Pilots taking medication for mild or moderate depression will soon be allowed in the cockpit under new Federal Aviation Administration guidelines that reverse a nearly 70-year ban. Clinically depressed pilots, including those undergoing therapy or prescription treatment, are currently prohibited from flying.
The policy change, which takes effect Monday, was sparked by reduced risk of antidepressant side effects, such as drowsiness, and a need to "change the culture and remove the stigma" associated with the illness, said FAA Administrator Randy Babbitt.
It's also an attempt to get active pilots who need treatment or are already using antidepressants in violation of FAA rules to come clean, making the skies safer in the process.
"In the interest of safety we would much rather have them in a program that's monitored and we know what they're doing," Babbitt said, comparing the initiative to one that targeted alcohol abuse among pilots several years ago.
But allowing pilots who take antidepressants to legally fly an airplane comes with strings attached.
Under the new rules, pilots will be restricted to one of four FAA-approved antidepressants -- Prozac, Zoloft, Celexa and Lexapro -- and required to see a psychiatrist every six months.
Pilots currently taking psychiatric medication will have a six month grace period to admit use and may be grounded temporarily while doctors assess their condition. Those who want to start antidepressant use, however, will be grounded for a full year, until stabilization on the drugs is confirmed.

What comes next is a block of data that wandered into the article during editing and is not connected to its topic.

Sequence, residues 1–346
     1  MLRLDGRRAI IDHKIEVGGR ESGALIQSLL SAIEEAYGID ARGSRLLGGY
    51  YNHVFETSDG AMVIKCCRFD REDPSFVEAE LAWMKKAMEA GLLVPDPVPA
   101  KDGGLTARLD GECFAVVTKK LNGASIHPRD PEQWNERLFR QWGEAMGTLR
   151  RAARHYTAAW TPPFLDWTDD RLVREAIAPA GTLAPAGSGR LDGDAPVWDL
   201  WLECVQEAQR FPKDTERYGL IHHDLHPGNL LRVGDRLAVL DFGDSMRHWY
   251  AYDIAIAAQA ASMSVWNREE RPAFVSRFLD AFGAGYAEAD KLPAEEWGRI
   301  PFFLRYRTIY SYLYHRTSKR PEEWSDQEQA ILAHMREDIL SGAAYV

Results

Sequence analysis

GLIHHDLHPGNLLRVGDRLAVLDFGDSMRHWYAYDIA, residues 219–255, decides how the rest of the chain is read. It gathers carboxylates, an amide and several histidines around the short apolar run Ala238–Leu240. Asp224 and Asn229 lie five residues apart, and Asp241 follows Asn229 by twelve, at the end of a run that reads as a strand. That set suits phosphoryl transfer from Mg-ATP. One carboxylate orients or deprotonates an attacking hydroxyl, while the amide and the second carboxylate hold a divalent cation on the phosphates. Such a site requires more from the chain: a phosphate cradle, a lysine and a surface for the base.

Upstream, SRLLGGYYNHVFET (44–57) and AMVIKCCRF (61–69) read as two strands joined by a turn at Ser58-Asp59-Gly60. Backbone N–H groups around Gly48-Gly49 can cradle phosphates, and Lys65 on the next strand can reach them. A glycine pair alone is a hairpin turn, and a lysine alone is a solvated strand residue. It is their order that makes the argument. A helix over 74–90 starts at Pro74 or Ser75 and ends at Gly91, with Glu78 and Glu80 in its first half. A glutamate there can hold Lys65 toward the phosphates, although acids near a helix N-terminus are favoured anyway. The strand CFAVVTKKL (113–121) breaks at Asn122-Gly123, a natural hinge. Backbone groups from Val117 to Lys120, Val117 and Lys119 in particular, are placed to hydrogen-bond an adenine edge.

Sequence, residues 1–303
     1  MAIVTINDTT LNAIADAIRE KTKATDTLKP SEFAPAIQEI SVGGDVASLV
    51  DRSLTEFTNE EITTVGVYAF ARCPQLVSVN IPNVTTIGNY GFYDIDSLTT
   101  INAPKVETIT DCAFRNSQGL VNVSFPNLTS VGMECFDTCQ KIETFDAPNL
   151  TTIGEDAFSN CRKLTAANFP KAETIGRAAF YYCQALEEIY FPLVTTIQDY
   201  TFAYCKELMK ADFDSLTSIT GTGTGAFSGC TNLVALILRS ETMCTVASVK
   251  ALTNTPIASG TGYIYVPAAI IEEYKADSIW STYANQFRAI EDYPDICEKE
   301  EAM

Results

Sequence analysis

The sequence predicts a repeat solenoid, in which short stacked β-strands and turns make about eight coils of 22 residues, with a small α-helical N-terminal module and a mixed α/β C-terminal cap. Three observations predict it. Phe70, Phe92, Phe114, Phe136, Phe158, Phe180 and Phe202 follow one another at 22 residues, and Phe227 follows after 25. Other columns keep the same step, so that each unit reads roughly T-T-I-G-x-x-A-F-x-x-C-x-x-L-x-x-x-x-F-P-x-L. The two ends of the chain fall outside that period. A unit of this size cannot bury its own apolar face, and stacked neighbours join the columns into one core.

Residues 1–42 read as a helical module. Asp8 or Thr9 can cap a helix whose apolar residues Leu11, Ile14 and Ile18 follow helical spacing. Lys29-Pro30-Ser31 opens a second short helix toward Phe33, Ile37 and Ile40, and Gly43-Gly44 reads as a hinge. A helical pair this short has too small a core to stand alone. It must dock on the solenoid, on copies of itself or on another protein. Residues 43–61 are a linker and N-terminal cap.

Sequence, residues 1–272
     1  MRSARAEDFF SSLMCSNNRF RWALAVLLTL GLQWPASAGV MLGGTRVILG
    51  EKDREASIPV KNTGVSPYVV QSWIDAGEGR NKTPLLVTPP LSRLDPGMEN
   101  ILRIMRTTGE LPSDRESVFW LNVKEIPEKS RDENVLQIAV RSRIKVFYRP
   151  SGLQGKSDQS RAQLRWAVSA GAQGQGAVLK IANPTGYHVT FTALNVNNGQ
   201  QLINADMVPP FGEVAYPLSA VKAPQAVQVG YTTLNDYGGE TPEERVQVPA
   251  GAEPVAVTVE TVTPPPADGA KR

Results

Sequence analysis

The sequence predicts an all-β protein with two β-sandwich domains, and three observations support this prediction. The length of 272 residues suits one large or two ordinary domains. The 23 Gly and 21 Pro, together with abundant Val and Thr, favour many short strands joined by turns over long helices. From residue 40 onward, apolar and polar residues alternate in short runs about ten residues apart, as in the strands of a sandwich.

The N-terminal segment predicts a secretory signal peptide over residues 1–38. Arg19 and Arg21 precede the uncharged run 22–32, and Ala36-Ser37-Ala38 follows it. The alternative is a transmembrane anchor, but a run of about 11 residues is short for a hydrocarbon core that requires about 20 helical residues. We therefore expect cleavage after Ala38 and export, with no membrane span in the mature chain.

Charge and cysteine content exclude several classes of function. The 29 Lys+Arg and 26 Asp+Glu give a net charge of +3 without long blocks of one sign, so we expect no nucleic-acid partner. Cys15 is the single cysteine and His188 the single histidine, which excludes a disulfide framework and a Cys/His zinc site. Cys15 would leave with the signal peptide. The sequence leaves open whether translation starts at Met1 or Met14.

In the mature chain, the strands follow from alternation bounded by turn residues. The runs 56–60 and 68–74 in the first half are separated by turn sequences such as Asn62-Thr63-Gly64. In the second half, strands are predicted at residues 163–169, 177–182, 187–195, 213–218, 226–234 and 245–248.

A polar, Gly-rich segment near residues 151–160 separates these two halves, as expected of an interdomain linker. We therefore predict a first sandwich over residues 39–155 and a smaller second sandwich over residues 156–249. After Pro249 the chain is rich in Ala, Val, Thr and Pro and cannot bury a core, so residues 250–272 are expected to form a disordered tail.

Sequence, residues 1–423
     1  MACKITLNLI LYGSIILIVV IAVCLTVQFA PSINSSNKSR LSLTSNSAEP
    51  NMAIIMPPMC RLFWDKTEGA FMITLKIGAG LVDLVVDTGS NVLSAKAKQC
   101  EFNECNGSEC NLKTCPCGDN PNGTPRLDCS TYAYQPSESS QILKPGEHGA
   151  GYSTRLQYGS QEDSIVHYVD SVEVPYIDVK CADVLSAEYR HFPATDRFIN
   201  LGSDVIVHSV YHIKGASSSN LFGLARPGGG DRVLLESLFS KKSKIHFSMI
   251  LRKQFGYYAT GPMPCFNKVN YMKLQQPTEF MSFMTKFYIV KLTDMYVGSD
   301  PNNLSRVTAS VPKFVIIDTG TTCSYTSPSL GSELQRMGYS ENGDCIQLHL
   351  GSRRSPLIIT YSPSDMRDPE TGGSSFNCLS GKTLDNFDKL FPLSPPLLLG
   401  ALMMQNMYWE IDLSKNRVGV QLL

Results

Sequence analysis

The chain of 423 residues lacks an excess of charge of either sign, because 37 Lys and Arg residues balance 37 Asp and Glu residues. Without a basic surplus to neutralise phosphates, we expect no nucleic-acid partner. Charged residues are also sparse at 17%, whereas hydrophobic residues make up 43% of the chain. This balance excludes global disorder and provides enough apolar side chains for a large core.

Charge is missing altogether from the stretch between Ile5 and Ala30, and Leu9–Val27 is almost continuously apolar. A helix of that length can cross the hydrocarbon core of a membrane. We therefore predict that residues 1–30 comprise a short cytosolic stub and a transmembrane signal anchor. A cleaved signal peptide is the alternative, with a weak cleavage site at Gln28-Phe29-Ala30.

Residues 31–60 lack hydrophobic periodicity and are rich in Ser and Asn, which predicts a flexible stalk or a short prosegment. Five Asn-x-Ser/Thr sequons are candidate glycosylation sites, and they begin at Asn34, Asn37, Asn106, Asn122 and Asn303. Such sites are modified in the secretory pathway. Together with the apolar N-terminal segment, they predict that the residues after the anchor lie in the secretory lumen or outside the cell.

Antidepressants can sometimes cause fatigue, insomnia, blurred vision, dizziness, and agitation, according to the Mayo Clinic.
"A year seemed the right thing, and I'm trusting that all the medical advice that we've gotten tells us that's the right thing to do," Babbitt said of the decision to keep medicated pilots under observation for 12 months. Pilots who suffer a heart attack or undergo cardiac surgery must wait 6 months before returning to work.
Some experts say the 12 month hiatus is excessive, costing pilots in terms of wages and valuable experience -- and creating a potentially compelling reason for depressed pilots to stay under the radar.
"Pilots are going to take a huge personal sacrifice to acknowledge being depressed and getting treatment," said Dr. Charles Raison, a psychiatry professor at Emory University School of Medicine.
"So I think what's going to happen as a result... is pilots who become depressed are going to be anxious about coming forward," he said. "They're going to fly when they're depressed -- and that is something that does worry me."
Symptoms of major depression, which can be highly debilitating, include increased irritability, insomnia, slowed thinking, decreased concentration, fatigue, trouble making decisions, and suicidal thoughts.
Dr. Gary Miller, an FAA-certified aviation medical examiner, suggested Raison's concern is not entirely unfounded. "My sense is that most people are honest about [disclosing their medical conditions], but you might get a slightly different opinion for a pilot with an air carrier who's invested 20 years in a career there," he said.
Babbitt told ABC News he expects pilots will embrace the program, and at least initially pilots groups have been supportive of the change.